The USS Arizona was commissioned on October 17th, 1916 and was sunk on December 7th, 1941 during the Japanese attack on Pearl Harbor. The fatal blow to the ship came from a 1,760 pound bomb that was able to pierce the armor of the battleship. Today, the USS Arizona Memorial lies overtop of the wreck of the USS Arizona and was dedicated on Memorial Day 1962 after receiving financial backing from Elvis Presley. Due to the limited number of seats onboard the National Park Service tour boat that transports visitors to the memorial, there are only 4,500 tickets sold daily to visit the Arizona to honor the 1,177 sailors who died on Pearl Harbor Day.
- 1 USS Arizona Ship Information
- 2 USS Arizona (BB 39) Characteristics
- 3 USS Arizona Early History
- 4 USS Arizona Operations in the 1930s
- 5 Events Leading up to Pearl Harbor
- 6 The Sinking of the USS Arizona
- 7 Underwater View of the USS Arizona Memorial
- 8 USS Arizona Medal of Honor Awardees
- 9 USS Arizona Sinking Aftermath
- 10 USS Arizona Memorial
- 11 USS Arizona References
USS Arizona Ship Information
Ship Name: USS Arizona
Ordered: March 4, 1913
Ship Builder: Brooklyn Navy Yard
Ship Cost: $16,000,000
Laid down: 16 March 1914
Launched: 19 June 1915
Commissioned: October 17, 1916
Decommissioned: December 29, 1941
Ship Struck: December 1,1942
Ship Identification: BB-39
Ship Fate: Sunk in Attack on Pearl Harbor on December 7th, 1941
USS Arizona (BB 39) Characteristics
Ship Class and Type: Pennsylvania-class battleship
29,158 long tons (29,626 t) (standard)
31,917 long tons (32,429 t) (deep load)
Length: 608 ft (185.3 m)
Beam: 97 ft (29.6 m)
Draft: 29 ft 3 in (8.9 m) (deep load)
Installed power: 29,366 shp (21,898 kW)
Ship Propulsion: 4 shafts
4 sets of Parsons steam turbines
12 Babcock & Wilcox water-tube boilers
Max Speed: 21 knots (39 km/h; 24 mph)
Range: 8,000 nm (15,000 km; 9,200 mi) at 10 knots (19 km/h; 12 mph)
Ship’s Complement: 55 officers and 860 men
Ship’s Armament: 4 × 3 – 14-inch/45 guns
22 × 1 – 5-inch/51 guns
4 × 1 – 3-inch/50 AA guns
2 × 21-inch (533 mm) torpedo tubes
Armor: Belt: 13.5–8 in (343–203 mm)
Bulkheads: 13–8 in (330–203 mm)
Barbettes: 13 in (330 mm)
Turrets: 18 in (457 mm)
Conning tower: 16–14 in (406–356 mm)
USS Arizona Early History
The battleship Arizona was first laid down on March 16th, 1914 at the Brooklyn Navy Yard. She was launched on June 19th, 1915, and commissioned at the building yard on October 17th, 1916 with Captain John D. McDonald in command of the ship. She departed the shipyard on November 16th, 1916 and conducted shakedown training off of Newport, Rhode Island and Virginia Capes. Once the training was completed, she traveled to Guantanamo Bay, Cuba and returned to Norfolk in December. The Arizona returned to the building yard just before Christmas for the post-shakedown overhaul and alteration installation. On April 3rd, 1917 she would pull into Norfolk but would not travel to Europe before World War 1 was over.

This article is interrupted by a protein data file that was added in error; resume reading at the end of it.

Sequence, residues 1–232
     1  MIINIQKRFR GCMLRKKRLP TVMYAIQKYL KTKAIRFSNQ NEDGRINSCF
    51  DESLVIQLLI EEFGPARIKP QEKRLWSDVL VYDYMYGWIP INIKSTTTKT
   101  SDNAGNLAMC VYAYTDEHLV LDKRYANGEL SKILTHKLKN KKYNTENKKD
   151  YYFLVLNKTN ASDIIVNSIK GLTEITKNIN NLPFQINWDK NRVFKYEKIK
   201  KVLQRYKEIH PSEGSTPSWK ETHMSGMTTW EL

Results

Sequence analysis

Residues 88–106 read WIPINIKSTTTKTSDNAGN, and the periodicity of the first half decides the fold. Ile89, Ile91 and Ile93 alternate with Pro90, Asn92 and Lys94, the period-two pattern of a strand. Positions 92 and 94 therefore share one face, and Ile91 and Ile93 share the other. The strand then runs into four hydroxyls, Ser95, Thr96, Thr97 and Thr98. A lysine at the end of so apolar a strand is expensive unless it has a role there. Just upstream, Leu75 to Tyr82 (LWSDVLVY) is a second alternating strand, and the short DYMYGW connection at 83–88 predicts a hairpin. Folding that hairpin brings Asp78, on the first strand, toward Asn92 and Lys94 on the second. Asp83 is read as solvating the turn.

Soon after the armistice that stopped the war on November 11th, 1918, the Arizona sailed for Portland, England and met the George Washington transport ship that was carrying then United States President Woodrow Wilson to the Paris Peace Conference. The ship would be part of the honor guard that escorted the president to Brest, France on December 13th, 1918. The Arizona then took part in Operation Magic Carpet, transporting 238 American veterans home to New York on Christmas Day, 1918. Arizona would return to homeport on January 22nd, 1919. She would participate in operations and exercises across the world over the next ten years until being placed in a reduced commission status on July 15th, 1929 to being a significant overhaul period. The ship would be placed back into full commission on March 1st, 1931.
USS Arizona Operations in the 1930s
The USS Arizona would operate with the United States Battle Fleet over the 1930s and take part in a variety of Fleet problems in the waters off of Alaska, the West Indies, and east of the lesser Antilles. By mid-September, 1938 (September 17th, 1938), the Arizona would become the flagship of Battleship Division 1 with Rear Admiral Chester W. Nimitz commanding. The final Fleet battle problem that Arizona would take part in was XXI. Following the conclusion of the problem, the
United States Pacific Fleet would be kept in Hawaii at Pearl Harbor. The Arizona would remain in Hawaii until the summer of 1940 when she traveled to Long Beach, California and ultimately to the Puget Sound Navy Yard located in Bremerton< Washington. The last “Change-of-Flag” command ceremony held onboard the ship occurred on January 23rd, 1941 when Rear Admiral Wilson was relieved by Rear Admiral Isaac Kidd.